September 10, 2010
Picture of health
One generous woman's lifetime dedicated to living and promoting a healthy lifestyle seeks to continue reaching out through a graduate fellowship in the Arnold School of Public Health.
Celebrating her 92nd birthday in January, Mary Elizabeth Newton of Columbia is the picture of good health in one's later years.
And because she has established a graduate fellowship in the Arnold School of Public Health, many others in South Carolina have a better chance at becoming healthier, too. The fellowship, in the Department of Health Promotion, Education, and Behavior, is intended specifically for students interested in providing health-related services to underserved areas in the Palmetto State.
A Lifetime of Health
A native South Carolinian, Newton learned as a young girl the importance of good health from her parents, who were early advocates for preventive health.
“I can’t even remember having a cold,” she said, recalling that her parents were attuned to healthy eating habits.
Newton began her professional career as a high school English and French teacher in Charleston. In 1950, she, her mother, and sister moved to Columbia after her father’s death, and Newton began teaching advanced business training to enlistees at Fort Jackson. She first witnessed health disparities while teaching those students, and vowed that one day she would do what she could to prevent needless suffering from preventable diseases and lack of health care.
Today, Newton is a role model in the campaign to promote healthy lifestyles, and thereby prevent many chronic diseases that plague the state and nation. Healthy lifestyles add to longevity and quality of life, she said, noting that she begins each day reading devotionals, completing crossword puzzles, and riding her stationary bike. She also enjoys giving piano lessons to international students and singing in her church’s senior choir.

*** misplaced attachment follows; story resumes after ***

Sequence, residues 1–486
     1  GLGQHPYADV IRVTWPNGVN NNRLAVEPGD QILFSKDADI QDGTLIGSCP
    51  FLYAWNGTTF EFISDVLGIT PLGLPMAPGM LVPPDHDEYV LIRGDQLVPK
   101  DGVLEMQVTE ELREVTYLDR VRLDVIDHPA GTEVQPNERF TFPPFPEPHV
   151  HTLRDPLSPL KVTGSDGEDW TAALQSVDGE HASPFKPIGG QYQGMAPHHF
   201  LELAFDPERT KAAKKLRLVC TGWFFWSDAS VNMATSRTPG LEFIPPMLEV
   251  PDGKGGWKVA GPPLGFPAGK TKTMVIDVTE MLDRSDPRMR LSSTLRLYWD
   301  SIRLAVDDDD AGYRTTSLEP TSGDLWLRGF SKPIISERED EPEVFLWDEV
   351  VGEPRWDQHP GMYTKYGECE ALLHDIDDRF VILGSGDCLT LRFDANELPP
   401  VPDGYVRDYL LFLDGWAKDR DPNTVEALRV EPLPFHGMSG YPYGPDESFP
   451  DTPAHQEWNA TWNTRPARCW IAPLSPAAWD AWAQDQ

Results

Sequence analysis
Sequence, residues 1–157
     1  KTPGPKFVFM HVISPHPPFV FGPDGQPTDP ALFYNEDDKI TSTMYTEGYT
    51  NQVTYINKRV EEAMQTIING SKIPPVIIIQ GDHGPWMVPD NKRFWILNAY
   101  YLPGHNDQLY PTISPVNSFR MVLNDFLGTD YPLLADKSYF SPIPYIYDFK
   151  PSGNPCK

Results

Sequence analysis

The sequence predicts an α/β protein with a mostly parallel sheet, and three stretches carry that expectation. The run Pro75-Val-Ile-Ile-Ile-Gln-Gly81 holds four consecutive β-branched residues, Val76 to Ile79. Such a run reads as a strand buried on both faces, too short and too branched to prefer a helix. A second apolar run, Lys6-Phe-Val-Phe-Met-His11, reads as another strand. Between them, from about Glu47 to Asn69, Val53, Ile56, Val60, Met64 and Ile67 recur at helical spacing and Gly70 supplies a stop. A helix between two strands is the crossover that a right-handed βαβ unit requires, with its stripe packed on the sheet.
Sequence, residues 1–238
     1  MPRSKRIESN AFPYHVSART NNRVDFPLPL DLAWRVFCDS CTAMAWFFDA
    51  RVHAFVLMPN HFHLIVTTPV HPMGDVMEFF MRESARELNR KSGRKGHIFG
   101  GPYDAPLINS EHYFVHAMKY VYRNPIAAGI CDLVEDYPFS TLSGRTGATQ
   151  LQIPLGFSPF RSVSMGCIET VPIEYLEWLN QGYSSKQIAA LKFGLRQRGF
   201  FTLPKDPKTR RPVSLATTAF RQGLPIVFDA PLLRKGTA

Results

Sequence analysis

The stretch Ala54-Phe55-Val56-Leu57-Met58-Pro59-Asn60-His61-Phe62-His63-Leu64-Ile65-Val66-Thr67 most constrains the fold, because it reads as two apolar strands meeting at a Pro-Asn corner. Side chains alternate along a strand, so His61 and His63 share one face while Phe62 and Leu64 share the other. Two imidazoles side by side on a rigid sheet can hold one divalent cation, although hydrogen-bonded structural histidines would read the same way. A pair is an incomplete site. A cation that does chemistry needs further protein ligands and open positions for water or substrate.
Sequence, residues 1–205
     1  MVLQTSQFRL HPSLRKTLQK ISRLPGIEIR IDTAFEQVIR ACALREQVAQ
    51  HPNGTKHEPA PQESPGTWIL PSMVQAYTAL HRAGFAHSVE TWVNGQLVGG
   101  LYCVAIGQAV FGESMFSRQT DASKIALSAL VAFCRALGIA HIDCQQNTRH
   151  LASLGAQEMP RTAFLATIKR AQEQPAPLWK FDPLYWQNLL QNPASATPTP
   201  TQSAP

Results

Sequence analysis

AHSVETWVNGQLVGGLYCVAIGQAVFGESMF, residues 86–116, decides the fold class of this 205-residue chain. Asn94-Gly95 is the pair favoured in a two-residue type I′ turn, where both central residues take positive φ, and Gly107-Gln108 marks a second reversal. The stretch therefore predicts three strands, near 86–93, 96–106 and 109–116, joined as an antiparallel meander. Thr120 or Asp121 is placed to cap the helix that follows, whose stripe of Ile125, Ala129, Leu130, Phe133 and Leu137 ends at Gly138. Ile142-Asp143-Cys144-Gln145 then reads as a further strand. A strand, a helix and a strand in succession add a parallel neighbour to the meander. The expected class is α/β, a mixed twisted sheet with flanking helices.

Kimberly Butler, the first Newton Fellowship recipient, said Newton’s generosity has enabled her to conduct community health outreach while working on her doctorate in public health.
- "Miss Newton is a real fighter for preventive health opportunities in our communities, both in the expansion of health care to underserved groups as well as with educational programs."
--Kimberly Butler, Newton Fellowship recipient
Butler works for the Office of Community Services at Palmetto Health in Columbia, which connects people to primary care facilities and educational outreach involving cancer and diabetes prevention. Butler’s primary focus involves visiting schools to discuss teen pregnancy prevention.
“Miss Newton is a real fighter for preventive health opportunities in our communities, both in the expansion of health care to underserved groups as well as with educational programs,” Butler said. “My interests mirror hers in many respects, and that is why I’m so appreciative of receiving the fellowship she has provided me and others.”
Newton’s fellowship currently supports two additional fellows, Cecily Watkins and Patrice Davis, both masters’ degree candidates in the Arnold School of Public Health.
Newton said she is proud of the work the three graduate students are doing, and pleased that their work affects S.C.’s most vulnerable populations.